Kenway said the GLAA was more likely to pick up on these issues because it had working relationships with law enforcement agencies in countries like Romania, where most migrant workers came from before Brexit. But GLAA resources have not kept pace with the increase in the number of countries from which workers are now recruited – 58 in 2021.
“We knew something like this was coming,” Kenway said. “Everyone who works on labor rights, modern slavery and trafficking has said from day one that there is a high chance that we will be exploited through this program because of its design and the lack of resources devoted to it. ”
The seasonal worker program, which issued just under 2,500 visas in 2019, is expected to issue up to 40,000 this year. Meanwhile, Home Office funding for the GLAA last year was £7m – less than it spent on publications, stationery and printing.
Data released by the Home Office this week shows Nepal supplied 395 seasonal workers to the UK in the first three months of this year – the fourth highest country on the list.
Carolin Ott, a lawyer at Leigh Day, said the new findings were extremely concerning. “It is absolutely vital that this rapidly expanding program has the necessary safeguards to prevent exploitation and ensure the rights of seasonal workers are protected,” she said.
Several workers who went to work at Cobrey Farms in 2021 said recruiting fees were a significant proportion of their income. A Nepali migrant harvesting asparagus and blueberries said he paid a recruiter around £3,100. He said the farm’s human resources team had learned this summer of the “exorbitant fees” some workers had charged My Careers HR Solutions.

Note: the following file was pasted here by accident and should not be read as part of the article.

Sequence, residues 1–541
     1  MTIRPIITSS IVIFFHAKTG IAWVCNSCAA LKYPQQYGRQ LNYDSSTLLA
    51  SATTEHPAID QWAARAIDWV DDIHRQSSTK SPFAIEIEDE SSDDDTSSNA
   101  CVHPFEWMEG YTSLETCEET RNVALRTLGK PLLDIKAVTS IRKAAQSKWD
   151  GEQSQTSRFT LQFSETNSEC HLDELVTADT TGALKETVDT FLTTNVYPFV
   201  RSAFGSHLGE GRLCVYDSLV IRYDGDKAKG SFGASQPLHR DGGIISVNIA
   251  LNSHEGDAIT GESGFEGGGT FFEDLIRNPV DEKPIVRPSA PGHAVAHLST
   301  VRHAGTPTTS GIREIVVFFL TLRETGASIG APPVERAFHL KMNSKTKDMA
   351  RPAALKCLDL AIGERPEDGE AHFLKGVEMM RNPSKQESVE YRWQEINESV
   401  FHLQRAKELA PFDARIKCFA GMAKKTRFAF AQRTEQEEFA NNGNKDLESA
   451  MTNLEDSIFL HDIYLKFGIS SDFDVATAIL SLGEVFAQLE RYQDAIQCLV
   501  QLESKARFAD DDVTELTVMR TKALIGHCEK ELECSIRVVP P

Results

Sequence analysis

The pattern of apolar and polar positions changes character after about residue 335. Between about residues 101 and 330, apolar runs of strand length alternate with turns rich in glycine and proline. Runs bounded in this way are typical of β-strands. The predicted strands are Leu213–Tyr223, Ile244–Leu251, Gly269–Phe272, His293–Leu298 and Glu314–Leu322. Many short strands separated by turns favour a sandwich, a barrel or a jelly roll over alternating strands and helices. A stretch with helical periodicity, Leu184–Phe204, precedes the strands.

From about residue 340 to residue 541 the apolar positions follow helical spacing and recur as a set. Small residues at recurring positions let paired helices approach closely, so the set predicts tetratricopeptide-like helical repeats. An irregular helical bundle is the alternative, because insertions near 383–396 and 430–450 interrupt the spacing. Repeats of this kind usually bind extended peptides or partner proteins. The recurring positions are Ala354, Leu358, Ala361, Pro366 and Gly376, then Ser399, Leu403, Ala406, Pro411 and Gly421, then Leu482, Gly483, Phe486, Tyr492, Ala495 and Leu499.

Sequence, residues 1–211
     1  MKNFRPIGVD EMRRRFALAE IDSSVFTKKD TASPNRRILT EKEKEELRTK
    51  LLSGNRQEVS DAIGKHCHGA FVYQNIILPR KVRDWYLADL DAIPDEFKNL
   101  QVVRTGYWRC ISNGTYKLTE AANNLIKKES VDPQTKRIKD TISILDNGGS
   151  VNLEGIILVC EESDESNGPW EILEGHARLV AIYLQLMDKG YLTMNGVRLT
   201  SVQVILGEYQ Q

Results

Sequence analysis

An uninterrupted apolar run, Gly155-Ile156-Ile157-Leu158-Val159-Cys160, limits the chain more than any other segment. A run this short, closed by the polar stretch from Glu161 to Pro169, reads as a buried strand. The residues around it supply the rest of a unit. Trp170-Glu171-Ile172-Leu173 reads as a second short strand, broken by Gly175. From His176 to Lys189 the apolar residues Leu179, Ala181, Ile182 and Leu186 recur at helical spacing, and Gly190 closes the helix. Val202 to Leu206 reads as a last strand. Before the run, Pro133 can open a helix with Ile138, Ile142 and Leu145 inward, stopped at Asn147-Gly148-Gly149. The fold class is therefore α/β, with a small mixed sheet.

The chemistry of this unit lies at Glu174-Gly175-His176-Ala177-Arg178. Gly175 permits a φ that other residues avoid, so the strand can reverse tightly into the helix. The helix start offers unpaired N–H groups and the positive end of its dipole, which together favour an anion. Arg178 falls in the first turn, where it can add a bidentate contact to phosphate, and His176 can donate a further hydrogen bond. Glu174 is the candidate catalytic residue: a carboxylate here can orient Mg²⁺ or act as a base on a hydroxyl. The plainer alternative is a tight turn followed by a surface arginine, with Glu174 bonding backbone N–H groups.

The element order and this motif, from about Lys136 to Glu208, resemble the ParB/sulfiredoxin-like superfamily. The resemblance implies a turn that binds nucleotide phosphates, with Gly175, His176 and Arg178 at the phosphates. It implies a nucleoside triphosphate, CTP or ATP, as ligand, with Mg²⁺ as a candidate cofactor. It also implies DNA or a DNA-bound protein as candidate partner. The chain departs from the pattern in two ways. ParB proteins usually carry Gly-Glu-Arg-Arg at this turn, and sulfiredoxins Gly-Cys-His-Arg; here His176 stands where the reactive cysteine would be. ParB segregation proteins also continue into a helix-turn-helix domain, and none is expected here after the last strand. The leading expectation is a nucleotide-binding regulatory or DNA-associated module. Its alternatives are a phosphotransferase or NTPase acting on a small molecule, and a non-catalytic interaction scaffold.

Ditya said he paid £4,420, including a £1,260 bond which was returned to him upon his return to Nepal. When Concordia asked about recruitment fees during its investigation, it lied, saying it only paid for its visa and flight because it “didn’t want to get in trouble”.
Chris Chinn, whose family runs Cobrey, said the farm notifies and cooperates with the GLAA in the event of alleged or observed violations of labor standards. He said Cobrey’s license means he has been “assessed as meeting the rigorous standards set by the GLAA.”
Concordia’s Simon Bowyer said his company would not reimburse workers, but would like My Careers HR Solutions to do so. “I don’t know the exact nature of the relationship between My Careers and Poseidon,” he said, but we weren’t happy when we found out that relationship — whatever it was — existed.
TBIJ and the Guardian also saw training certificates issued to Cobrey workers which feature the logos of the British Council and Ofqual, both of which said they had not accredited any of the people or companies named in the documents. Hurley attributed this to a “certification error” that was being fixed.
*Name has been changed
Additional reporting by Pramod Acharya